brain sizes: Einstein's and women's

John Knight johnknight at usa.com
Sun Jul 21 14:19:26 EST 2002


"Parse Tree" <parsetree at hotmail.com> wrote in message
news:bPt_8.24$sb5.2959 at news20.bellglobal.com...
> "Jet" <thatjetnospam at yahoo.com> wrote in message
> news:3D3A6925.A4823F50 at yahoo.com...
> >
> > Parse Tree wrote:
> > >
> > > "Jet" <thatjetnospam at yahoo.com> wrote in message
> > > news:3D3A61A8.93F4E326 at yahoo.com...
> > > >
> > > > Parse Tree wrote:
> > > > >
> > > > > "Jet" <thatjetnospam at yahoo.com> wrote in message
> > > > > news:3D3A3FCE.269F3BE9 at yahoo.com...
> > > > > >
> > > > > > Dumbass wrote:
> > > > > > >
> > > > > > > "John Knight" <johnknight at usa.com> skrev i melding
> > > > > > > news:yNm_8.12490$Fq6.1079329 at news2.west.cox.net...
> > > > > > > > "Thalamus" <zhil at online.no> wrote in message
> > > > > > > > news:Azf_8.897$Py1.16186 at news2.ulv.nextra.no...
> > > > > > > > > "John Knight" <johnknight at usa.com> skrev i melding
> > > news:nSVZ8.8881>
> > > > > > > > >
> > > > > > > > > John, what is the H04, that is - what is the question of
H04
> ?
> > > > > > > > > I'm Norwegian, and we have other standards here.
> > > > > > > > > This Nigger is harping on it through several posts, and if
> you
> > > could
> > > > > > > > repeat
> > > > > > > > > the original question "What is the length..............."
> etc. -
> > > so
> > > > > I
> > > > > > > > could
> > > > > > > > > shut the stupid coon.
> > > > > > > > >
> > > > > > > > > Brian
> > > > > > > >
> > > > > > > > You can see the original problem at
> > > > > http://christianparty.net/timssh04.htm
> > > > > > > ,
> > > > > > > > Brian, or download the scores from
> > > > > http://christianparty.net/cisp1295.pdf
> > > > > > > >
> > > > > > > > This is one of the 13 multiple choice questions (ONE THIRD
of
> that
> > > > > test)
> > > > > > > > where American girls scored lower than if they had just
> guessed.
> > > > > > > >
> > > > > > > > But of course the feminazis can't even figure out what this
> means,
> > > so
> > > > > > > > they're claiming that we're lying.  Maybe you can straighten
> them
> > > out,
> > > > > > > > because I sure can't.
> > > > > > >
> > > > > > > Ok, the problem isn't difficult.
> > > > > > > F=ma
> > > > > > > S=vt
> > > > > > >
> > > > > > > F=force - downward
> > > > > > > m=mass
> > > > > > > a=acceleration
> > > > > > > v=velocity
> > > > > > > t=time
> > > > > > > S=Hight of fall
> > > > > > >
> > > > > > > I did it this way, first I said that F=2m(v/t).
> > > > > > >
> > > > > > > Then I converted the equation to t=sqr(mS/ma), moving the t to
> the
> > > left
> > > > > > > side, and the F (ma) to the right side.
> > > > > > > I used both equations for the object separatly, and ended up
> with
> > > the
> > > > > same
> > > > > > > equation t=sqr(S/a).
> > > > > > > Sqr means square-root of the equation in the parenthesis ().
> > > > > > > So, the resulting velocity would be the same, as the same time
> is
> > > spent
> > > > > on
> > > > > > > the fall, and the tension would be zero.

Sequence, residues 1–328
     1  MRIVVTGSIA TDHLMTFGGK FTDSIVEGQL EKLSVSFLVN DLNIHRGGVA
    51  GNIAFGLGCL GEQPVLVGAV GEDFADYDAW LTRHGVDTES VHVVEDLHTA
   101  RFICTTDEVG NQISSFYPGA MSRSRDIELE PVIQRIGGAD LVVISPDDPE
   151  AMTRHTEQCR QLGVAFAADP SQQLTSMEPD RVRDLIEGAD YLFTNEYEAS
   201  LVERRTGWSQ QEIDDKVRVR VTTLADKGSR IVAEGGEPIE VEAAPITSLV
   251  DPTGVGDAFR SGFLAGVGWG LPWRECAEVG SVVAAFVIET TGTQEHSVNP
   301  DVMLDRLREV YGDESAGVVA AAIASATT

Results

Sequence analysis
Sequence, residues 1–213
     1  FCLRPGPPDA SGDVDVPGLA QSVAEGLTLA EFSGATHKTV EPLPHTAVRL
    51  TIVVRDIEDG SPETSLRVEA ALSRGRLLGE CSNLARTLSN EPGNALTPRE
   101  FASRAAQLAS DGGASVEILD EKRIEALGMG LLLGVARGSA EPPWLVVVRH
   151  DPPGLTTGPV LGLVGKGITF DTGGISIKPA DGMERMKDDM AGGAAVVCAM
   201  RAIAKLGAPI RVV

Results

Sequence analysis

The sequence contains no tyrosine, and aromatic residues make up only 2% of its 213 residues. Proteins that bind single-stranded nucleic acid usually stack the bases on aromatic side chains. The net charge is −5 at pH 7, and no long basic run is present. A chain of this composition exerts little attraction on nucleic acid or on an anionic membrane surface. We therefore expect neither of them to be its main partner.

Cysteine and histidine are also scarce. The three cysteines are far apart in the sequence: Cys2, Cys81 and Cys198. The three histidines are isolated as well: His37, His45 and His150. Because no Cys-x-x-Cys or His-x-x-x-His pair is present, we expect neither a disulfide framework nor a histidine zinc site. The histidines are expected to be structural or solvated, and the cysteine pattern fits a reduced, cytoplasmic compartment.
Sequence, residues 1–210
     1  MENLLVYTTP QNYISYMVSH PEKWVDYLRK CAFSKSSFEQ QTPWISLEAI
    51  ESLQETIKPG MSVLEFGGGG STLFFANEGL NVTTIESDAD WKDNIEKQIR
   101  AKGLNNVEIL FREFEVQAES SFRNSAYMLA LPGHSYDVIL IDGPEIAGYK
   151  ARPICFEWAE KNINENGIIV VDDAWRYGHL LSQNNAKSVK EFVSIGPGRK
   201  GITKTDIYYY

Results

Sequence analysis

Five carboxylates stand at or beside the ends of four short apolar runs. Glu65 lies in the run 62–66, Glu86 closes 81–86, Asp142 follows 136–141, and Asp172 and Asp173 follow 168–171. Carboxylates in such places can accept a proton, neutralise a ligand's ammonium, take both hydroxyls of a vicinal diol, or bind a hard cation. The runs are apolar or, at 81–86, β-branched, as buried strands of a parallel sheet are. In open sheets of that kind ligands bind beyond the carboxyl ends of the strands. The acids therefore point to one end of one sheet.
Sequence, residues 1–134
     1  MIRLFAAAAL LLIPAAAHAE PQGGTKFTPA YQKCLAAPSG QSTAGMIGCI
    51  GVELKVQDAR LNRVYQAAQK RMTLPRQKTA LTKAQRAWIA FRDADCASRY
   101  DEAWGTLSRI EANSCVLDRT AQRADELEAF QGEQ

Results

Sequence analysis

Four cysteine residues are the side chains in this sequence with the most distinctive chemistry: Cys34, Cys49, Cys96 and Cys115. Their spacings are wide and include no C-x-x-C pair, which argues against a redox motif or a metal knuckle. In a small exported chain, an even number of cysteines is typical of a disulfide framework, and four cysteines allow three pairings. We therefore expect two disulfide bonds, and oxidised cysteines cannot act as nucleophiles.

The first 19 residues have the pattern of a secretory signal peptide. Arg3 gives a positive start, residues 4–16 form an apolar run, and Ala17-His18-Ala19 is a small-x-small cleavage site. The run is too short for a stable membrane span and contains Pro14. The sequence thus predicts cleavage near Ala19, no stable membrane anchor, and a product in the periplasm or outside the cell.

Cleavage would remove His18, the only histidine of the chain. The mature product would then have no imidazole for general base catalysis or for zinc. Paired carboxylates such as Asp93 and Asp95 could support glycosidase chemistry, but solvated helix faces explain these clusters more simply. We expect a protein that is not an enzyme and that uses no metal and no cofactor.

> > > > > > >
> > > > > > > Brian
> > > > > >
> > > > > > Mensa, my big black ass. The time spent in the fall would not be
> the
> > > > > > same, because the higher object started out...higher.
> > > > >
> > > > > As soon as the lower object hits the ground, the system is no
longer
> > > > > falling.
> > > > >
> > > > > The answer really should be 0.
> > > >
> > > > Ah...but the question was, "what is the tension in the string as the
> > > > system falls?".
> > >
> > > Doesn't that refer to it as the system is in the state of falling (not
> at
> > > the point it is dropped, and not after it has hit the ground)?  Since
> they
> > > both travel at the same speed, the tension in the string should be
zero.
> >
> > What is the tension in the string before they are dropped? They are
> > traveling the same speed then. :)
>
> They are not in a state of falling at that point.  One ball is being held
> against gravity, and the other is not.  If both balls were held up, then
the
> tension would be 0.  It's really about the force, but I was just giving a
> layman explanation (since I am a layman).
>
> According to the test the answer is 0, is it not?
>
>

The correct answer is voluminously documented at the url's that were linked
to this question, so this is no longer the issue.  The issue is that
American 12th grade girls answered this question in a way that suggests they
were misled.

The reason we know they were misled is that only 22.8% of them got it
correct, compared to an international average for girls of 26.3%, 42.6% of
American boys, and 53.9% of Swedish boys.

Clearly American girls did very poorly on this question. If they knew
nothing whatsoever, 25% of them would have gotten it correct just by
guessing, so when 2.2% fewer get it correct than if they'd just guessed,
many of them clearly thought they knew the right answer, but it was the
wrong answer.

This is a bit worse than knowing absolutely nothing about the problem,
wouldn't you say?  If it was just one question, you could chalk it up to
some kind of error in the test, but this was just one of 13 questions where
the same thing happened http://christianparty.net/timssphysics.htm

John Knight








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